Secrets Lawyers Keep from Clients

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1. They Purposely Ignore Calls from Clients

Have you ever tried getting in touch with an attorney? They sure don’t make it easy. Many lawyers will purposely allow clients to leave multiple messages before returning their calls. Lawyers do this to set certain expectations in the attorney-client relationship. Specifically, the lawyer wants to convey that he is busy and that his time is valuable, so he cannot be available at the client’s whim. As frustrating as this may be for the client, many attorneys feel it is necessary measure to maintain the productivity and effective representation.

2. Paralegals Do Most of the Work

Have you ever reviewed legal bills? Most of that work wasn’t performed by an attorney. The reality is that lawyers delegate the vast majority of their work to paralegals. It is not uncommon for the paralegal to be more familiar with the case than the attorney. Paralegals perform a broad range of functions from legal research, to reviewing discovery documents, to drafting legal briefs. Although the attorney may review and revise the finished work products, the paralegal is often the one who did the heavy lifting.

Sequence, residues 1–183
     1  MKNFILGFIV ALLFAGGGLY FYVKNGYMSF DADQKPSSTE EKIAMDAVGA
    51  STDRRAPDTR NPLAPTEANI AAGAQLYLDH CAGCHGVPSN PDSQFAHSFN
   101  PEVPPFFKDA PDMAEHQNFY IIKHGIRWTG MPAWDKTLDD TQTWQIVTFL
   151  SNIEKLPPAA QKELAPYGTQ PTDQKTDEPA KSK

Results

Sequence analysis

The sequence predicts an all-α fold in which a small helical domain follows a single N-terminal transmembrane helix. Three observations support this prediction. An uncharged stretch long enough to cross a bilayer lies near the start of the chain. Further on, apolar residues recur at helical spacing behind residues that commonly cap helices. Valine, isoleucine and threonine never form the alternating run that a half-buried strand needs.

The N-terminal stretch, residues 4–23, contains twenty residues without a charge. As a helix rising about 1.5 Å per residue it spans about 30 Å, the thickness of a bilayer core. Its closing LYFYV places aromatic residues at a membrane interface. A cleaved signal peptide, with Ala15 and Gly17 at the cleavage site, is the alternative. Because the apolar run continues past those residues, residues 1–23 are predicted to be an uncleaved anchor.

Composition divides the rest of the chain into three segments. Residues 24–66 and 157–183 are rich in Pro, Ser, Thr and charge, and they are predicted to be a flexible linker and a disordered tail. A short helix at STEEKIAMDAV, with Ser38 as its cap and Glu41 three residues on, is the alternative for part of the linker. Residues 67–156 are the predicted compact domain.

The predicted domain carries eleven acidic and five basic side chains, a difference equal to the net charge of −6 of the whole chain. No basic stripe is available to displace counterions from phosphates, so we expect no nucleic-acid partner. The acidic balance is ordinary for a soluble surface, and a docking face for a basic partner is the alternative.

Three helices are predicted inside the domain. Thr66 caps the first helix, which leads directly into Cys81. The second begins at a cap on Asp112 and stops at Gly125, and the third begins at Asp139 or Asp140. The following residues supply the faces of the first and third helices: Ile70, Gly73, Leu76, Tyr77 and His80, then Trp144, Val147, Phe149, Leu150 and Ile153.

3. They Train Junior Associates on Your Dime

Did you hire a senior attorney or partner? A junior associate is probably getting trained at your expense. Unsurprisingly, most senior attorneys and partners assign junior associates to work on each case. However, most clients don’t understand that these junior associates will bill many hours to the case while learning how to perform basic legal tasks. The junior associate may have taken five hours to do what the senior attorney or partner could have done in one hour. Although the junior attorney’s rate may be lower than that of a senior attorney or partner, the high number of hours that the junior attorney takes to complete basic tasks frequently ends up costing the client more in the end.

4. They Overbill You

Have you noticed that attorneys only bill by tenths of an hour? That’s because they round everything up to six minutes. If a client has a two-minute call with an attorney, the client might only expect to be billed for two minutes. However, most firms will round that call up to 6 minutes (.1 hours) on the client’s bill. Likewise, a call that takes 7 minutes will be rounded up to 12 minutes (.2 hours) on the client’s bill. It may seem unfair to the client, but firms do this to simplify their billing processes.

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